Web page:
Are you actually a Home Inspector, or just another Appraiser that thinks he’s a Home Inspector??

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2.8
5 google reviews

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Well that answers a bunch of questions
Cheers

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Well JJ, you must have scared him off…dang internet, anyway! :face_with_monocle: :thinking: ¡Qué lástima!

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Nah. He’s in California. He’s just gettin his dinner on!!

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I do hundred mobile home inspections a year. Your getting away from real inspection process. It’s not easy . by not going on roof you open yourself to lawsuits. Millennial?

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Try this: https://inspectortoolbelt.com/how-to-deal-with-a-client-complaint-for-home-inspectors/

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Dude, don’t let these guys get to you. Okay, mistake made. Now, how to fix it. Go there and examine the roof yourself again. You never know, perhaps it experienced some damage since your inspection. When you go there show empathy “I’m so sorry you’re experiencing this…” Do NOT accept responsibility - at least not at this time. Commit to nothing. Find out why she feels she needs a new roof. Maybe there is a roofer doing the house next door and is pushing her to do the same. Perhaps a relative or boyfriend is a know-it-all and has her nervous. You won’t know any of this until you examine it. Don’t put it off either, unreturned phone calls and emails make people think the worst. In the mean time, alert your insurance agent and follow the instructions they give you.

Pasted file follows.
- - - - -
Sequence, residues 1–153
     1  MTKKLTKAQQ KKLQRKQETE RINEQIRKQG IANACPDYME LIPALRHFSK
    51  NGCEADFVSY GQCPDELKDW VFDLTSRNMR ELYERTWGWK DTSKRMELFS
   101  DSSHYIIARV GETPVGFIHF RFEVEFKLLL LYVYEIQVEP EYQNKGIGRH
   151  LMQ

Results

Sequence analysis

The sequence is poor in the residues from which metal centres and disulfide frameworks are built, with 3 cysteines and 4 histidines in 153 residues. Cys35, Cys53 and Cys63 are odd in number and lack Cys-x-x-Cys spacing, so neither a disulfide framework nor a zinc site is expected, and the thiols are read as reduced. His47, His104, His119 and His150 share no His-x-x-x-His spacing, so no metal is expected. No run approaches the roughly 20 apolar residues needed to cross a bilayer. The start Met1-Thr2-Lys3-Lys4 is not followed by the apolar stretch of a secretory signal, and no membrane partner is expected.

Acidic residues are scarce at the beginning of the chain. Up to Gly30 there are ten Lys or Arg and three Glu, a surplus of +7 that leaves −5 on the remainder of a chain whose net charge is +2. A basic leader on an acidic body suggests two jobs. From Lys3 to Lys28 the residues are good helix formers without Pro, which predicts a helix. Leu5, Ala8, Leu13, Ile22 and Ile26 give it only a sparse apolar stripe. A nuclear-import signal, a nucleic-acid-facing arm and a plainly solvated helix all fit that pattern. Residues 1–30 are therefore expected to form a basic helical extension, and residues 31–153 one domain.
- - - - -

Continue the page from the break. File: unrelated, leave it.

Remember to include any limitations to the inspection and why in your reports in the future.

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This issue has a simple response, “At the time of the inspection there were no signs that indicated a need to replace the roof”. As a Licensed Home Inspector and in accordance to the Minimum Standards of Home Inspection, we are only empower to A) Detect and Note; B) Report any Observations at the Time of Inspection and C) at the most recommend Further Inspection to be executed by a Licensed Roof or Home Remodeling Contractor. We can not and should not ‘predict’ future performance of any home dwelling system and cannot be held liable if a particular Home Subsystem fails or colapses after we have completed our site inspection, not that afternoon, not the next day and never the less five months later. We are not a Car (House) Dealer, we are not selling anyone any houses, therefore we do not provide any timeline warranties. A smart buyer should hire a smart wise Realtor that should/could negotiate a home warranty, however I have not found one that could extend such warranty to the roof system.

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Good Answer. There is no reason to be a jerk to him.